Burn-out is a physical and mental state you turn into by placing your body under severe strain until all resources and energy more or less is consumed, and the body can not recover without prolonged restitution and other necessary actions.
You don’t get burned out over night. The symptoms of wearing out come very gradually. Burn-out is not an own diagnosis. The doctor will instead use for example Chronic Fatigue Syndrome.
I am old enough to have suffered burn-out. I suffered maybe 2, in fact. The first was when I held a job that I so did not like. to make things worse, I was not even earning enough as a single mother to buy my son's milk, without help from relatives. I chugged along because I was trained to die committed to duty and to never quit.
Well, life taught me another lesson. It taught me when to quit. My body gave in: I had fevers for a week (only at night), and then my hair fell off. I freaked out and took a leave of absence to discern what I had to.
What I had to do was to re-assess my life choices. I had to earn a living, true. But I had to be passionate (or at least, alive) about it. My spirit was dying and my body was close behind.
I gathered my guts and did what was then unthinkable: I resigned from the job. To be uncertain and out of a job was way out of my usual orientation. But then again, it was the only way to unlearn the over-achieving traits I had clung to for so long.
My burn out taught me so many things. One, I have to be kinder to myself, expecting less, pleasuring it more. There are things beyond my control and even after my best efforts, I cannot predict anything for sure. I have to regularly stop and check out my emotional and spiritual gauges and make sure that I am still alive and that my resources have not been depleted for the sake of duty.
Two, I have to train myself to cognitively see the positive side of the present, instead of being jittery about the future, or depressed about the past. It takes time to see the blessing in disguise, the silver lining of the storm cloud. But the time spent is all worth it as happiness is a matter of perspective and a matter of choice.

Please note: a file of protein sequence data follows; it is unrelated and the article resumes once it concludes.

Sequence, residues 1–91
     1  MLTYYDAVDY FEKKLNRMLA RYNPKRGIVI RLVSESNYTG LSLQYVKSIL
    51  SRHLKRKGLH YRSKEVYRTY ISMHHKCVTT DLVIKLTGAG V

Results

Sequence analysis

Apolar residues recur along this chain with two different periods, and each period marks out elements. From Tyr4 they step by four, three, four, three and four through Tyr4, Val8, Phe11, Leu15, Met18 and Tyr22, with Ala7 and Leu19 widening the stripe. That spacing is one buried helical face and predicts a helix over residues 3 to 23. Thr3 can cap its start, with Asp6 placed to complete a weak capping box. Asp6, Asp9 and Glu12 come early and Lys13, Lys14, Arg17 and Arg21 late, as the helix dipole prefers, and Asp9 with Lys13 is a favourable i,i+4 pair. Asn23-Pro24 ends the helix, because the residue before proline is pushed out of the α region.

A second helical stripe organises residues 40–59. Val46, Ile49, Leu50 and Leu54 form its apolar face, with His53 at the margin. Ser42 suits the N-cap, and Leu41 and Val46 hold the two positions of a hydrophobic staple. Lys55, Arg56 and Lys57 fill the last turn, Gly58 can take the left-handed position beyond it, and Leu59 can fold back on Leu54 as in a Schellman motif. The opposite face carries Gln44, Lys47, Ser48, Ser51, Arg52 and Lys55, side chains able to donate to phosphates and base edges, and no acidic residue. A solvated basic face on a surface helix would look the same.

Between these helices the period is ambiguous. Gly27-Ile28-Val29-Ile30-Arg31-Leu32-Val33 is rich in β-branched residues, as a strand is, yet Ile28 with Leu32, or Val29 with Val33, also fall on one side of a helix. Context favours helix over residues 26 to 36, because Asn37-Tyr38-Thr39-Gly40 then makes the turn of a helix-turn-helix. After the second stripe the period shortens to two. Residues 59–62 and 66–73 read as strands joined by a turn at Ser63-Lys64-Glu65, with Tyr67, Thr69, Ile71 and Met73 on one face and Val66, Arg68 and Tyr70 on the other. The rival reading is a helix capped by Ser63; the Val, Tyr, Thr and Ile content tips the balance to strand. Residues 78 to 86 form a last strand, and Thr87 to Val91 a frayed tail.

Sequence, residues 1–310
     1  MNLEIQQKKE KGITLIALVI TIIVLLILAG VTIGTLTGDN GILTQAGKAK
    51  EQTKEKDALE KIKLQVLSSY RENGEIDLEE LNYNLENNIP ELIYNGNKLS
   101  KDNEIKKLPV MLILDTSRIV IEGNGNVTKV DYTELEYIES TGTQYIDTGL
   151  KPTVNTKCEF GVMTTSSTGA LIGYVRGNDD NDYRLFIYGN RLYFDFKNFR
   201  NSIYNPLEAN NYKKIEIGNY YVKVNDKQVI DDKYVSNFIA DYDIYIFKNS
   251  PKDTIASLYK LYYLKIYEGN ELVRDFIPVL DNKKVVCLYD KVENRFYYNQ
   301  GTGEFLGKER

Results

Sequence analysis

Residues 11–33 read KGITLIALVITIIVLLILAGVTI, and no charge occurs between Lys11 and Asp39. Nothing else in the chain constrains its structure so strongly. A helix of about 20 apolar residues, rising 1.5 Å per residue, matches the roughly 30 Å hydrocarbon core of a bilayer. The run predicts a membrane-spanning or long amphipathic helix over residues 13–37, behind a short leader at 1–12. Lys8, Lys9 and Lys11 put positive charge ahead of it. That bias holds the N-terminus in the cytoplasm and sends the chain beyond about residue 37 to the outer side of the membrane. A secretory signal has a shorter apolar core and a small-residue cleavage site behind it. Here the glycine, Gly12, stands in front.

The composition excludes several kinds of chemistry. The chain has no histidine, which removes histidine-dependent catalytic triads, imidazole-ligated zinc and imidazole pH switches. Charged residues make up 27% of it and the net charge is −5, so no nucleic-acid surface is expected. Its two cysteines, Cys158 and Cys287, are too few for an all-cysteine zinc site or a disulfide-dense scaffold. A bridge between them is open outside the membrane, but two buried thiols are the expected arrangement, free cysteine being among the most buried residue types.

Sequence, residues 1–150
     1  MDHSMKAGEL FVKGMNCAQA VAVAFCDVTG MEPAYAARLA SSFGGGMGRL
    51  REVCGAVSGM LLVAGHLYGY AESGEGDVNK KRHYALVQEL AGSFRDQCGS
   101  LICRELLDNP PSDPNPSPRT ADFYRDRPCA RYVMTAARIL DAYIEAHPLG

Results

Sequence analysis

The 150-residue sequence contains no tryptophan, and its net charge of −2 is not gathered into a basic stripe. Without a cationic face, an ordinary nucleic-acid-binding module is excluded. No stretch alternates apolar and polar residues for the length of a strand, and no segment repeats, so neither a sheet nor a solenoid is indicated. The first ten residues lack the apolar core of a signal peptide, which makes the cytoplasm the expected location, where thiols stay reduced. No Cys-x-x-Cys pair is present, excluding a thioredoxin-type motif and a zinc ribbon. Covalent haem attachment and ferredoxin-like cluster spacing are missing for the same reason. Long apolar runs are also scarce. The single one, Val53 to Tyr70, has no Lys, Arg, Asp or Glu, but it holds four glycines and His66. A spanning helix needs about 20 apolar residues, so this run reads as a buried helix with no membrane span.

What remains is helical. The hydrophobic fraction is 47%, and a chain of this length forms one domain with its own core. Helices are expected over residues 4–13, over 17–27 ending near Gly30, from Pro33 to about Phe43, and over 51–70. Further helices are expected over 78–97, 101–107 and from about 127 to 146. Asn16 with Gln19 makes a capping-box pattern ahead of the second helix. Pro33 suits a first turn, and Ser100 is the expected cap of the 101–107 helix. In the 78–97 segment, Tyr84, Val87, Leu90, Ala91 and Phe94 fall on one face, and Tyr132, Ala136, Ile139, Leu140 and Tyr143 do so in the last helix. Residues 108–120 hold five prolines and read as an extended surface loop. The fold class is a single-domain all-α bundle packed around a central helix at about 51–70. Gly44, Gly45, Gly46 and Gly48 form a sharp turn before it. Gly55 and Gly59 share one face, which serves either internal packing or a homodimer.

I am now in the middle of my life and I have once again burned out, taking in things bigger than I can chew. The symptoms were familiar: fatigue, depression, and then fever, allergy, conjunctivitis--all signaling my body's weakened defenses.
I cannot write, though I have been a writer by profession. My old hobbies are not interesting at all, and I just sort of lost my mojos. I am going through the motions and I am just blown around by the currents of midlife.
But I stop and get a grip: Instead of looking the present recession, I will see the fact that I am in one of the most prettiest cities in the world, where the weather is just beautiful. I have legal papers, my children are happy, healthy and thriving, and I have a job in the midst of a million lay-offs.
Instead of making mukmok at home, I will see the fact that I haven't been to the coast of Point Reyes, I plan to take my family on an RV to Grand Canyon, and maybe take that cruise to unwind. There are so many joyful things to do and I must no waste my time getting burned out nor depressed.
Ergo, Cognitive Behavior Therapy.
I will run, I will crochet--even when I don't want to. And I will write, even if I feel I don't have anything to say.
On this second burn-out of my life, I recognized the symptoms early and I will summon all my will to climb out of it.